If I were perfectly honest, I would say that the PP videos appeal more to the level of empathic reasoning rather than civic reasoning. At a civic policy level, once one grants the premise that foetuses maybe aborted and are non-human or subhuman, it inevitably follows that one can do all kinds of experiments with it.
However the reaction against the PP videos is a gut reaction not really a matter of civic reasoning of objectively measuring the causes and effects of certain policies. It seems inhuman to us to acknowledge something as a boy or baby and then proceed calmly to dissect it. It is unbecoming to deny that something is a human while extracting its human organs with a Hannibal like coldness accentuated by a live video. These are reasoning about interpersonal relationship about how we should treat each other at a personal individual level rather than arguments about causes and effects about civic policy.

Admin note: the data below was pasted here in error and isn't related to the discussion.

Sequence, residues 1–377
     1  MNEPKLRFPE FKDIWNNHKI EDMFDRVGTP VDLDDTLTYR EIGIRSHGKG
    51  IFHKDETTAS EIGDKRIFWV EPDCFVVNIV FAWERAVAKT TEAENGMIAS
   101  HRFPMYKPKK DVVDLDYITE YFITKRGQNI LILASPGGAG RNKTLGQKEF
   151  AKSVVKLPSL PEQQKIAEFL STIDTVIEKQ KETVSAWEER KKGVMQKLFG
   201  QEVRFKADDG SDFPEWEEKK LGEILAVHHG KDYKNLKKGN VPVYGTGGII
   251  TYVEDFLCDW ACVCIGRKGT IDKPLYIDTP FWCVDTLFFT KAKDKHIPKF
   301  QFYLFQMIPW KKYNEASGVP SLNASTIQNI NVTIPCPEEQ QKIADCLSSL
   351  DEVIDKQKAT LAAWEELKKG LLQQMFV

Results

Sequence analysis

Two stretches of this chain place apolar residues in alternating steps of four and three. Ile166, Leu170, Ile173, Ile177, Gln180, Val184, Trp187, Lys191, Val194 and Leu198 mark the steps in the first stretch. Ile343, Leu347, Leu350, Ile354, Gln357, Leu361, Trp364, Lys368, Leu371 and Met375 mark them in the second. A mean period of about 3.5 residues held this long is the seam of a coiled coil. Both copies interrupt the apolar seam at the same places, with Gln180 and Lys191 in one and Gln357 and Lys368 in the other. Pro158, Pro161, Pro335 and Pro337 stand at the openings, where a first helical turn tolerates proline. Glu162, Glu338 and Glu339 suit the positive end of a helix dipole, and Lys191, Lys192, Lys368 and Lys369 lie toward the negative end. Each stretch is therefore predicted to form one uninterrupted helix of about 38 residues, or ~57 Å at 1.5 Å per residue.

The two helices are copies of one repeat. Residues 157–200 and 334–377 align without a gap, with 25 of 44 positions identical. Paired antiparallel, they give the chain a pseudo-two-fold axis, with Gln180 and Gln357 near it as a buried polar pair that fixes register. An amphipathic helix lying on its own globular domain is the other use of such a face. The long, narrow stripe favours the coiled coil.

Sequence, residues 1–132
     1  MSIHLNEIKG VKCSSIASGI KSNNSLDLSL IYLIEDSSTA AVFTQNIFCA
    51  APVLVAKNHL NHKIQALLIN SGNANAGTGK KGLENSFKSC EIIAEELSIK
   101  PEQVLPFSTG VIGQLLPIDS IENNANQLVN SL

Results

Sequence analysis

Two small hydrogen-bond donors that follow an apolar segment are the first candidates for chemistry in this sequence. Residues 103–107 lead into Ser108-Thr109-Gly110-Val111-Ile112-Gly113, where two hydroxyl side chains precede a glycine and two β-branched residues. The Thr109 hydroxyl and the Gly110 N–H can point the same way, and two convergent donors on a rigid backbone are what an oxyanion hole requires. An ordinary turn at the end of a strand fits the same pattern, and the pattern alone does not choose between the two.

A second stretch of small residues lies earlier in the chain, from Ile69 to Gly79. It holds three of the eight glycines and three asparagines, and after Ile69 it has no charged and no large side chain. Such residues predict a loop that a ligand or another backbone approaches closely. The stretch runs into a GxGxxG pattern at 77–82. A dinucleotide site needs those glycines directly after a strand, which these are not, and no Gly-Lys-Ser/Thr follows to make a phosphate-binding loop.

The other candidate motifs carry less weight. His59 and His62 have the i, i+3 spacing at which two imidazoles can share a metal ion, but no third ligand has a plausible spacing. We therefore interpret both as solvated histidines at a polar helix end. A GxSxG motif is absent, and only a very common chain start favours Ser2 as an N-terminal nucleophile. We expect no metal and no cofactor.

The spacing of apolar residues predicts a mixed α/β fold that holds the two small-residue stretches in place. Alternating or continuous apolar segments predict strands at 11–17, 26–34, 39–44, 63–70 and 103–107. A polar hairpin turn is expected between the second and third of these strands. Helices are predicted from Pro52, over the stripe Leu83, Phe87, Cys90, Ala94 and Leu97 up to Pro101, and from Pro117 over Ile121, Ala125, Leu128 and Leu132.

I have alluded before to the divergence of rule consequentialist thinking about civics and empathetic reasoning about moral character in anglophone moral and political philosophy. For the sake of completeness I’ll repeat it here again.
The collapse of Aristotelian global teleology, whereby human characters and civics were coordinated according to a common teleological goal, would after the Reformation lead to the private-public distinction and the divergence between civic policy and moral characters.
In notable British Enlightenment and Proto-Enlightenment thinkers like Hobbes, Locke, Berkeley, Paley, Hume, etc, we can see argumentation about civics which often occurs separately from argumentation about moral characters. Hobbes of course was infamous for a reductionistic view of humanity as merely the sum of its fears and desires, Civic policy could be reduced as a game-theoretic cooperation of self-interested players seeking to attain certain goods in common, e.g. security.